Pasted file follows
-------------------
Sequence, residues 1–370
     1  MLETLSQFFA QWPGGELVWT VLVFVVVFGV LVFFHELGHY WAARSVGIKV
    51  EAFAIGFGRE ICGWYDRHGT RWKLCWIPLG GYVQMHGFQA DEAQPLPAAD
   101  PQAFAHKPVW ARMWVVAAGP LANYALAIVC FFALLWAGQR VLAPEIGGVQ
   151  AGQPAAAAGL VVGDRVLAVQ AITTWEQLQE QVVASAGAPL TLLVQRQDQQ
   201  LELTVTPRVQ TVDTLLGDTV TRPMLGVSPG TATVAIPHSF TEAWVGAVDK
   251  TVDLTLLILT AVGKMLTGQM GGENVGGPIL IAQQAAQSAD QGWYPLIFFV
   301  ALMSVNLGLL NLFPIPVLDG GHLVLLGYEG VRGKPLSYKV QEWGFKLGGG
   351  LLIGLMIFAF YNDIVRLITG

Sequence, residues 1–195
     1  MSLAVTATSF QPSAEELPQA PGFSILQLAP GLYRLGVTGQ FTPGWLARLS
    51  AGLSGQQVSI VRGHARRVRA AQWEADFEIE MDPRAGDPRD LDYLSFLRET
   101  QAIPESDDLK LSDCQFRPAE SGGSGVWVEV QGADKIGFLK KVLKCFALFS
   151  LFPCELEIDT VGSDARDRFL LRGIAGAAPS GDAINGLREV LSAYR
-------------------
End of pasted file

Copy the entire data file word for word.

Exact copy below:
Sequence, residues 1–370
     1  MLETLSQFFA QWPGGELVWT VLVFVVVFGV LVFFHELGHY WAARSVGIKV
    51  EAFAIGFGRE ICGWYDRHGT RWKLCWIPLG GYVQMHGFQA DEAQPLPAAD
   101  PQAFAHKPVW ARMWVVAAGP LANYALAIVC FFALLWAGQR VLAPEIGGVQ
   151  AGQPAAAAGL VVGDRVLAVQ AITTWEQLQE QVVASAGAPL TLLVQRQDQQ
   201  LELTVTPRVQ TVDTLLGDTV TRPMLGVSPG TATVAIPHSF TEAWVGAVDK
   251  TVDLTLLILT AVGKMLTGQM GGENVGGPIL IAQQAAQSAD QGWYPLIFFV
   301  ALMSVNLGLL NLFPIPVLDG GHLVLLGYEG VRGKPLSYKV QEWGFKLGGG
   351  LLIGLMIFAF YNDIVRLITG

Sequence, residues 1–195
     1  MSLAVTATSF QPSAEELPQA PGFSILQLAP GLYRLGVTGQ FTPGWLARLS
    51  AGLSGQQVSI VRGHARRVRA AQWEADFEIE MDPRAGDPRD LDYLSFLRET
   101  QAIPESDDLK LSDCQFRPAE SGGSGVWVEV QGADKIGFLK KVLKCFALFS
   151  LFPCELEIDT VGSDARDRFL LRGIAGAAPS GDAINGLREV LSAYR